On deck, Abeille Bourbon isconfigured as a deep sea towing and salvage tug and does not have the clear after deck and open stern that has become a feature of many modern ETVs.

The main towing winch is a Rauma Brattvaag two drum hydraulic unit, with a 250 tonne pull (on the first layer) and a brake holding load of 500 tonnes. Each winch drum can accommodate up to 1600m of 80mm wire rope. The low-pressure winch hydraulic system utilises two motors and winch speeds can be varied by using one or both.

Wires from the winch pass over a towing arch protecting the after deck. Located below the arch is a deck-house containing four powered rope storage reels.

The after bulwarks are rounded to prevent chaffing the towlines and embody the hydraulically operated towing pins and 'sharks jaws'. Also located on the aft deck are two capstans and a tugger winch. Up to 300 tonnes of cargo or equipment can be carried out the aft deck, which has an area of 350m 2. Large storage spaces for salvage equipment are provided either side of the main winch house in the forward end of the aft deckhouse and in the hold. Two 20ft equipment containers can also be located on deck, one on either side of the hatch. A Hydramarine crane rated at 23tonnes/11m serves the working deck and there is another crane of the same make further forward for handling stores and provisions.

Abeille Bourbon carries a selection of rescue craft, including two Springer 741 MOB boats under single point Hydramarine davits and an outboard motor powered inflatable.

External fire fighting to FiFi II standard is provided, with three monitors on the upper platform, two of which can handle water or foam. A total of 7,200m 3/h of water can be supplied by two Kvaerner fire-fighting pumps driven via Kumera step-up gearboxes, from the forward end of the two inner main engines.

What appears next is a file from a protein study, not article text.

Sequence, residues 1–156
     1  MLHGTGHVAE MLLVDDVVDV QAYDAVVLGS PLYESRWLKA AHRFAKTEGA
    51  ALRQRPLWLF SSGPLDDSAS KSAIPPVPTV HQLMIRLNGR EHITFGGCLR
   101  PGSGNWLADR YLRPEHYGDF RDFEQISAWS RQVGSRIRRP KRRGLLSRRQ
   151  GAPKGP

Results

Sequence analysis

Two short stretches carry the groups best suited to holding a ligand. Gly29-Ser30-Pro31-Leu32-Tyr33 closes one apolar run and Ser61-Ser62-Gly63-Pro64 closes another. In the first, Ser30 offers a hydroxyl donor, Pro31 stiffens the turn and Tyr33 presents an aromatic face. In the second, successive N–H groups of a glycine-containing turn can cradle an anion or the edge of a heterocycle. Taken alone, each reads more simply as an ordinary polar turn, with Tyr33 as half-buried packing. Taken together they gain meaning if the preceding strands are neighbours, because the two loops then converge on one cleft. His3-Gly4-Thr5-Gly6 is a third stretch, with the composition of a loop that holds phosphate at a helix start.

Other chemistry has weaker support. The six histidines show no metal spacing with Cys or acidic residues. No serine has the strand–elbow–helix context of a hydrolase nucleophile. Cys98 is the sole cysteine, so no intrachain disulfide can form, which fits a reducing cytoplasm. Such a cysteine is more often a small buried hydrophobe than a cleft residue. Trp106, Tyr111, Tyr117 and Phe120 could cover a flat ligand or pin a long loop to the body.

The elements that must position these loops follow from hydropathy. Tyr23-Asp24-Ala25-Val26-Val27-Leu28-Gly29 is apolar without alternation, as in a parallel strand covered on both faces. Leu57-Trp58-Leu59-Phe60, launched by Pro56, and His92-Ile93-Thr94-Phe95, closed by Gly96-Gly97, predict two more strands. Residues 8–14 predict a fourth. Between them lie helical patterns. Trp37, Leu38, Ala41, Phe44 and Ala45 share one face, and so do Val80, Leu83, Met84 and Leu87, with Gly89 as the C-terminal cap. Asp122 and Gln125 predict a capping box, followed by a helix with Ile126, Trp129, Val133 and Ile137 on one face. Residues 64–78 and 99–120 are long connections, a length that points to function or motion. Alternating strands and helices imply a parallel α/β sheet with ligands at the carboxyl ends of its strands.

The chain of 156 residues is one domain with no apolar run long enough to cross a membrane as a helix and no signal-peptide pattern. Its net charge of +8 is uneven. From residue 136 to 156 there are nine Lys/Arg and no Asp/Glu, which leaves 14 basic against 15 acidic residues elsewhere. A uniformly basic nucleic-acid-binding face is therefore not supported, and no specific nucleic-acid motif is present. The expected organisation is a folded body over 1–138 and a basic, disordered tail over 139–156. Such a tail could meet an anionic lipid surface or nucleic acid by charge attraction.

Accommodation is provided for a total of 25 people spread over four decks. The crew and officers' messes are located at main deck level, along with a hospital and four berth sick bay.

A salvage operations control room, a recreation room and a block of two berth and four berth cabins are on A-deck.

More single berth en-suit cabins are situated above on B-deck and at C-deck level are suites for the master and chief engineer, the officers' lounge and the ship's office.

The wheelhouse is arranged to suit a wide variety of operations.

Most of the principle controls and instruments are located on a forward facing console and in an overhead display. A free-standing console to starboard is mainly dedicated to safety systems and communications. The aft control station overlooking the working deck has three consoles and additional manoeuvring controls are also available on each bridge wing and the casing for the exhaust uptakes.

Abeille Bourbon was formally christened at Brest on the 13 April by Madame Bernadette Chirac, wife of the French president in the presence of vice-admiral Laurent Merer, maritime prefect for the Atlantic, and Mr Jacques de Chateauvieux, chairman of Groupe Bourbon. The second tug Abeille Liberte is due to arrive in the coming months.